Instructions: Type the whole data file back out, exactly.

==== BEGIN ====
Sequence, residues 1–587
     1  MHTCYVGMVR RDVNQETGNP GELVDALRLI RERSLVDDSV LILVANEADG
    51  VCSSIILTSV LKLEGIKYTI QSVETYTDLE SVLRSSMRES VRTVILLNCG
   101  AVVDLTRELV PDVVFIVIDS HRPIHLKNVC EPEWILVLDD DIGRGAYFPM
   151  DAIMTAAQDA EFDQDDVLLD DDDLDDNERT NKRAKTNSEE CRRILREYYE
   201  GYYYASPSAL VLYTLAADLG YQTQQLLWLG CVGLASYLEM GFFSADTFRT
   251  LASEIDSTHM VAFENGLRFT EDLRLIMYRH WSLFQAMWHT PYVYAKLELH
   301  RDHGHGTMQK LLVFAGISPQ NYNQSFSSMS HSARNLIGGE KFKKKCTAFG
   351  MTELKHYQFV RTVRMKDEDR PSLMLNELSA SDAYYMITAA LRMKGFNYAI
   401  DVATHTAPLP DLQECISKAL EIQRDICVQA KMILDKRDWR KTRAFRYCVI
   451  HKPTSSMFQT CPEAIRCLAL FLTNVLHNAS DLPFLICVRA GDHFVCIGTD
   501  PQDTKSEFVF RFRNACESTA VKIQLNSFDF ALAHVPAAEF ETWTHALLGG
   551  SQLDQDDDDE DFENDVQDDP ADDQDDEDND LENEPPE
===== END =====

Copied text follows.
Sequence, residues 1–587
     1  MHTCYVGMVR RDVNQETGNP GELVDALRLI RERSLVDDSV LILVANEADG
    51  VCSSIILTSV LKLEGIKYTI QSVETYTDLE SVLRSSMRES VRTVILLNCG
   101  AVVDLTRELV PDVVFIVIDS HRPIHLKNVC EPEWILVLDD DIGRGAYFPM
   151  DAIMTAAQDA EFDQDDVLLD DDDLDDNERT NKRAKTNSEE CRRILREYYE
   201  GYYYASPSAL VLYTLAADLG YQTQQLLWLG CVGLASYLEM GFFSADTFRT
   251  LASEIDSTHM VAFENGLRFT EDLRLIMYRH WSLFQAMWHT PYVYAKLELH
   301  RDHGHGTMQK LLVFAGISPQ NYNQSFSSMS HSARNLIGGE KFKKKCTAFG
   351  MTELKHYQFV RTVRMKDEDR PSLMLNELSA SDAYYMITAA LRMKGFNYAI
   401  DVATHTAPLP DLQECISKAL EIQRDICVQA KMILDKRDWR KTRAFRYCVI
   451  HKPTSSMFQT CPEAIRCLAL FLTNVLHNAS DLPFLICVRA GDHFVCIGTD
   501  PQDTKSEFVF RFRNACESTA VKIQLNSFDF ALAHVPAAEF ETWTHALLGG
   551  SQLDQDDDDE DFENDVQDDP ADDQDDEDND LENEPPE